Jacques-Joseph Cassanyes (1758-1843) was a French politician and, later, a chronicler of the French Revolution. Born in Roussillon, close to the Spanish border, Cassanyes entered a seminary to train for the priesthood but later abandoned his in favour of medicine. In 1790 he became mayor of Canet and two years later was elected to the National Convention. Republican by nature, Cassanyes voted for the abolition of the monarchy and the execution of Louis XVI and served with the army in his native south. Cassanyes was opposed to Maximilien Robespierre and participated in his overthrow in July 1794. This account of Robespierre’s grisly execution comes from Cassanyes’ memoirs:
“On 10 Thermidor, at four in the afternoon, the sinister procession moved out of the courtyard of the Palais de Justice. No crowd of such a size had ever been seen in Paris. The streets were choked with people. Spectators, men and women of all ages, filled every window, and men had climbed on to the rooftops. There was universal jubilation coupled with popular fury. The long-suppressed hatred against these criminals now exploded with doubled force. Everyone applauded wildly and seemed to be sorry they could not do more.
Most of the watchers fixed their gaze on the cart in which Robespierre, his brother, Caution and Henriot were riding. These miserable creatures were all mutilated and covered with blood. They looked like a band of brigands the gendarmes had surprised in the forest and were unable to arrest without inflicting serious wounds upon them.
It would be difficult to describe the appearance of Robespierre. His face was wrapped in a bandage of dirty, bloodstained linen; his features were horribly disfigured. A pale pallor made it even more repulsive. He kept his eyes downward and almost closed; whether that was from the pain of his wounds or an awareness of his misdeeds, one cannot say.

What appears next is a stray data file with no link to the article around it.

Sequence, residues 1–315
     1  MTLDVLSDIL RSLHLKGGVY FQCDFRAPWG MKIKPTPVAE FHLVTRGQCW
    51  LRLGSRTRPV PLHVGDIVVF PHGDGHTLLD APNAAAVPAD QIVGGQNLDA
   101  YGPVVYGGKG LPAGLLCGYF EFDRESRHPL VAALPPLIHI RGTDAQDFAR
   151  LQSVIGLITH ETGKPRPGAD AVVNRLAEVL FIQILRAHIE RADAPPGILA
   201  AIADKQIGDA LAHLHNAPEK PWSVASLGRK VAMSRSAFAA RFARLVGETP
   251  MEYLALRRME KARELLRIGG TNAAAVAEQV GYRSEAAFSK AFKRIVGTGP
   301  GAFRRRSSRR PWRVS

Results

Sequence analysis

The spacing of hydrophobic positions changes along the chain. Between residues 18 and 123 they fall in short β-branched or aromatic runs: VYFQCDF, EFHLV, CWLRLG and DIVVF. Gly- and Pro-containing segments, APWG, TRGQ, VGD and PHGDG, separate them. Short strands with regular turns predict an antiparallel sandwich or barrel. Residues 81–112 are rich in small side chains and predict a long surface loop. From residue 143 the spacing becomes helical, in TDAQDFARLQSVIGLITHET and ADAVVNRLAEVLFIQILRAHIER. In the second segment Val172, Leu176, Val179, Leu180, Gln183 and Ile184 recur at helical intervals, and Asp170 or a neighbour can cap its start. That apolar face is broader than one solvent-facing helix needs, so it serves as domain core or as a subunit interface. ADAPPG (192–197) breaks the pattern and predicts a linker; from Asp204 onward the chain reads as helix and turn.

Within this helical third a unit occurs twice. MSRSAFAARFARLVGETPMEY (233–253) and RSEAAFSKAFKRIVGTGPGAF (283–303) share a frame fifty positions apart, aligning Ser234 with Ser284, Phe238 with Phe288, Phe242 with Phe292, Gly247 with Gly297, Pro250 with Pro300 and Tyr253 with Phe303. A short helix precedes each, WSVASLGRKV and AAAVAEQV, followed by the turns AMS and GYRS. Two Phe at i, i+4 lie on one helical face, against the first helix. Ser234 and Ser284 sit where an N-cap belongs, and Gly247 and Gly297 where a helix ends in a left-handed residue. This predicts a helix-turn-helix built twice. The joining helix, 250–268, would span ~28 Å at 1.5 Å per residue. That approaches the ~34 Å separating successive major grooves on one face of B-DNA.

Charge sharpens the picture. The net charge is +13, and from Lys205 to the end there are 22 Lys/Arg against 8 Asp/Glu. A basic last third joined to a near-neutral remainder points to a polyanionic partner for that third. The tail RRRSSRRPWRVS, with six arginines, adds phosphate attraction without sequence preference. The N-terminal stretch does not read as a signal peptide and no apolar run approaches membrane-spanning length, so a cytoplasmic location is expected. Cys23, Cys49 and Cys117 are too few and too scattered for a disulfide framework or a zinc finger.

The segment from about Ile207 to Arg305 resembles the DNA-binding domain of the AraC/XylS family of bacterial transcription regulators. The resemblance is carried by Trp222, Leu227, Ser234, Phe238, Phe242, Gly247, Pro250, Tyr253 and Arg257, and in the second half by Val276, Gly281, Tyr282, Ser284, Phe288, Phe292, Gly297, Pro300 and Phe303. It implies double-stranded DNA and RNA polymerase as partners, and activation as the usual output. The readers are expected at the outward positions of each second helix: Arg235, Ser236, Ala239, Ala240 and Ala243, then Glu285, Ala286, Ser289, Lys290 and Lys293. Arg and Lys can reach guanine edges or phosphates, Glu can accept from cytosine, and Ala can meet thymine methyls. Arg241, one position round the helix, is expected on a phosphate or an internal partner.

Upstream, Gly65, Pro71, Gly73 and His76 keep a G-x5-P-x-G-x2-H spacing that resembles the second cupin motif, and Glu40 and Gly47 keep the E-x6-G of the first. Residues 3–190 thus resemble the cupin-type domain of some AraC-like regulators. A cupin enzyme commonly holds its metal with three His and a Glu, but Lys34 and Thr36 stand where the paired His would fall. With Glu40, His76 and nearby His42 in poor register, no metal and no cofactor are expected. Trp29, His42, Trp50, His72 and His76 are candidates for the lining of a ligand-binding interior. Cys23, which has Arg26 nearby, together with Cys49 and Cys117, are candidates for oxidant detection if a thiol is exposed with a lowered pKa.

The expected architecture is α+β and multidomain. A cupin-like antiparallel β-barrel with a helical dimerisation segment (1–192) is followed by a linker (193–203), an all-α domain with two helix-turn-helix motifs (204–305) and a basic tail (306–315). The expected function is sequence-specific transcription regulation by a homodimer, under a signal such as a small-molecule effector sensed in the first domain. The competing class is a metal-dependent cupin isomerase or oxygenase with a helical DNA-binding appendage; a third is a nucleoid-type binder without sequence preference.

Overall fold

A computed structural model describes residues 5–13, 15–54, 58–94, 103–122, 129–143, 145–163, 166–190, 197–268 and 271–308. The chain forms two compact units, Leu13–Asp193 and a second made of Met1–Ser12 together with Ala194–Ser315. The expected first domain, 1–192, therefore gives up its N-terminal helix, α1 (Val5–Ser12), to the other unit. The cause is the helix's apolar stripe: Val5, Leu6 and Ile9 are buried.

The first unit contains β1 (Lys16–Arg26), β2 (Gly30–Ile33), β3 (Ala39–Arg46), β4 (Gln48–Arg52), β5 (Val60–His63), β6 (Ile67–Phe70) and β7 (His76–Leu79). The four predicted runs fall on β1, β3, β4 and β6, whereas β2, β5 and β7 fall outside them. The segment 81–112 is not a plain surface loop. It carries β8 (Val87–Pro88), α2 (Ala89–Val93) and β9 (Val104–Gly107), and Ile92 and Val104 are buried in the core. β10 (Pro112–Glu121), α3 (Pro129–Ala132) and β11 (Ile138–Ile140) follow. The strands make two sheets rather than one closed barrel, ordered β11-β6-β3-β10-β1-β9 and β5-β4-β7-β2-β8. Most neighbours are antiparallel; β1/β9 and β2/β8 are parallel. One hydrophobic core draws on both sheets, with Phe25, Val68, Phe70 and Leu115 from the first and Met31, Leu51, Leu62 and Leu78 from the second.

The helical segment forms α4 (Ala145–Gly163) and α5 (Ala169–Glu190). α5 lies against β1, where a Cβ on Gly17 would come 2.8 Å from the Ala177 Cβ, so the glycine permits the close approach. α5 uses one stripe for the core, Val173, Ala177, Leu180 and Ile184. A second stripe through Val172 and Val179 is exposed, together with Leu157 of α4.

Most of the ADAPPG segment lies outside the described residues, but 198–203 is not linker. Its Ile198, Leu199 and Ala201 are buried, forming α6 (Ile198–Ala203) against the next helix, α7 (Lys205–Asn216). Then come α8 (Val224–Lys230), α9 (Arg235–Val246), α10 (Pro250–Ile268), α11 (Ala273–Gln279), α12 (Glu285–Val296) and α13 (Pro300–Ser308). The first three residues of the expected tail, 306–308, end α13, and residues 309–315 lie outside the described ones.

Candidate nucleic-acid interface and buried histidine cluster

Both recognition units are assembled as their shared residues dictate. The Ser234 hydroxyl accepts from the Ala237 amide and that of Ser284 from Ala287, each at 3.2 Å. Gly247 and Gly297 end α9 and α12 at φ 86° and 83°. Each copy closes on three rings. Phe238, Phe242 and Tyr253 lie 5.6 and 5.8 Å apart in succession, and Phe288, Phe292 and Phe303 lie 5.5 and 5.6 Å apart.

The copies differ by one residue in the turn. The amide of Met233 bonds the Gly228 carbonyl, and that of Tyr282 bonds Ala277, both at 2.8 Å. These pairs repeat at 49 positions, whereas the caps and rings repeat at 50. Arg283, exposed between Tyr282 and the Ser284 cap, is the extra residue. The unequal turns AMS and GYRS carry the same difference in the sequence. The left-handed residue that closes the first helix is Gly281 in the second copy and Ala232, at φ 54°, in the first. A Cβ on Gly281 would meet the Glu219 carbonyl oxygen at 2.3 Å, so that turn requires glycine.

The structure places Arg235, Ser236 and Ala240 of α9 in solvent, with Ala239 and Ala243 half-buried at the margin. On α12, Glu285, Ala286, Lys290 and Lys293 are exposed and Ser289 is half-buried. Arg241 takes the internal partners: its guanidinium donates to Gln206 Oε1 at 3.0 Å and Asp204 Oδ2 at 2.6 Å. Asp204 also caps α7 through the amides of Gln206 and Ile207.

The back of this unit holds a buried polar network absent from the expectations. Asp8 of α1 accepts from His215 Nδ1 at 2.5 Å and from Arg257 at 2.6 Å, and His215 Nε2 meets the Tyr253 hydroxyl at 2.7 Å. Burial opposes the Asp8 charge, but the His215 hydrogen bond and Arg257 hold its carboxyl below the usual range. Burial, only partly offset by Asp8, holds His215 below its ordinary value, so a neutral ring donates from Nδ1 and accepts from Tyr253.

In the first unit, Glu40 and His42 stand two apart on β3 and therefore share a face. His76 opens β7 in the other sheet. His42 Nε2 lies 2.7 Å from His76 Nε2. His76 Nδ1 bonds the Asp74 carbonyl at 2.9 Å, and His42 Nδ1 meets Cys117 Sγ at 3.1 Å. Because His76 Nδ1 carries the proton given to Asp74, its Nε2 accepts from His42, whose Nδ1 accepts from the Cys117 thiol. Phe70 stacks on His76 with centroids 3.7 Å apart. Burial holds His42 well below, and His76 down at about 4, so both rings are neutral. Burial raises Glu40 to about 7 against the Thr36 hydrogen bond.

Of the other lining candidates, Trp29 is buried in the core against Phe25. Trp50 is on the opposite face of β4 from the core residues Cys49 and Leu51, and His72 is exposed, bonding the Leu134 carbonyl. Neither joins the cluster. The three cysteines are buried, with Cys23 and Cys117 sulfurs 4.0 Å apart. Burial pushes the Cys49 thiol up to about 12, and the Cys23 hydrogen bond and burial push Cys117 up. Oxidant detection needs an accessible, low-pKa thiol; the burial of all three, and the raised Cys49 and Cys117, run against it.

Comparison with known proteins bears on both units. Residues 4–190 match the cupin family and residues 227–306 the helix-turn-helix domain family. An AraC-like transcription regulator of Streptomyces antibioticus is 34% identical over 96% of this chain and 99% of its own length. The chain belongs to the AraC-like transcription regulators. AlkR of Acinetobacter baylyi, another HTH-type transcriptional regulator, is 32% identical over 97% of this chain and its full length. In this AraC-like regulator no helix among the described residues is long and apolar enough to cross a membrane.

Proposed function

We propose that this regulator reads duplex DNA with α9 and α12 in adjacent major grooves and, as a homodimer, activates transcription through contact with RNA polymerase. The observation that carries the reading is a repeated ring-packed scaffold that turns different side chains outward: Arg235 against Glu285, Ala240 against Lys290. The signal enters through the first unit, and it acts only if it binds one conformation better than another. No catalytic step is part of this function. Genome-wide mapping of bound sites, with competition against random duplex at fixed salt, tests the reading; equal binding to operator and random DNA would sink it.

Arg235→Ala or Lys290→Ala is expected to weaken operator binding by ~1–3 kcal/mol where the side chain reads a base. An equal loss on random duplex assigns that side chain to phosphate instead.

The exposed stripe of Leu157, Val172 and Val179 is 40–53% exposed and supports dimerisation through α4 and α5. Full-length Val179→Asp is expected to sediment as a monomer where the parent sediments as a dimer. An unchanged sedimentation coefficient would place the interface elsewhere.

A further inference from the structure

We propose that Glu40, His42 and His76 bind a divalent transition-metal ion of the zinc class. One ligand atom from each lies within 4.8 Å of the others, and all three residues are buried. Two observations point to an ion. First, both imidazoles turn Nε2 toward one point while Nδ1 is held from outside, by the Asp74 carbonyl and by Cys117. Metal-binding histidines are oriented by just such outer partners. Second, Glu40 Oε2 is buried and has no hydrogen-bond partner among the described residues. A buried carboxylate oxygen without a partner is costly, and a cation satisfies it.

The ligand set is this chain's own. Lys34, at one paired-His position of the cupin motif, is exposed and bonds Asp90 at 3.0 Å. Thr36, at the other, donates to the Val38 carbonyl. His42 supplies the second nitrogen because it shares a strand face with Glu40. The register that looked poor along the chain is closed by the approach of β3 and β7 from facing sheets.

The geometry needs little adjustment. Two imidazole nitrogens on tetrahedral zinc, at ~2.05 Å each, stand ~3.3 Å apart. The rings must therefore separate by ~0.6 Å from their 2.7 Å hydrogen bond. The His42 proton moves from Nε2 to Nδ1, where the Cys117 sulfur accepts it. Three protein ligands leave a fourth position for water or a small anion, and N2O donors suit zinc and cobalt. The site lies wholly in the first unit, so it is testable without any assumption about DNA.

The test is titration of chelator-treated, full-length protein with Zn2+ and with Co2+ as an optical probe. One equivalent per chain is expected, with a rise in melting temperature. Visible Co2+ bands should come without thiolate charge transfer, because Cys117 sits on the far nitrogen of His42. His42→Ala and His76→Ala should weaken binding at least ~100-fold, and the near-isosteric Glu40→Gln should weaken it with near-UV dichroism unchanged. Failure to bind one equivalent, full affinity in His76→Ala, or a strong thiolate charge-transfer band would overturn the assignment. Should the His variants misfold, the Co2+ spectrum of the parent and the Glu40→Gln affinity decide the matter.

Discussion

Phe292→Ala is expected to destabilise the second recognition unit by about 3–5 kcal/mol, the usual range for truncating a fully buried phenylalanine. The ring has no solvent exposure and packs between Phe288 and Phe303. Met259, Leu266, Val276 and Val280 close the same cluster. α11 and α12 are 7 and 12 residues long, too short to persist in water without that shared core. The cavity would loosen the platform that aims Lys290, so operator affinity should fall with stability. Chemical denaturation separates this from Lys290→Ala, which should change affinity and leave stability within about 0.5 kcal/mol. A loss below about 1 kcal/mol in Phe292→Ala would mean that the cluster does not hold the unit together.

Just before arriving at the place of execution, Robespierre was shaken out of his lethargy by a woman who forced her way through the crowd and rushed up to the cart carrying this cannibal. She grasped the cart rail with one hand and threatened Robespierre with the other, saying “Monster spewed from Hell. The thought of your punishment intoxicates me with joy”. Robespierre opened his eyes and looked at her sadly as she said: “Go now, evildoer, go down into your grave carrying the curses of the wives and mothers of France!”
When the cart had reached the foot of the scaffold, the executioners carried the tyrant down and laid him out prone until it was his turn for execution. While his accomplices were being beheaded, Robespierre appeared not to be taking notice; he kept his eyes shut and did not open them until he himself was carried up the scaffold. Some said that when he saw the instrument of death, he heaved a sigh of pain, but before dying he had to endure bitter suffering. After having thrown down his coat, the executioner roughly tore away the bandage and splint which the surgeon had put on his wounds. This unhinged his lower jaw from the upper jaw and caused the blood to flow in torrents.
The wretched man’s head was now no more than an object of horror and repulsion. When at last it was severed from his body and the executioner held it by the hair to show to the people, it presented an indescribably horrible sight. Thus perished the fiercest of the savage beasts, the most monstrous criminal that nature ever conceived. On the two days that followed, 83 other rebels were put to death, mainly members of the Commune or their outlawed accomplices.”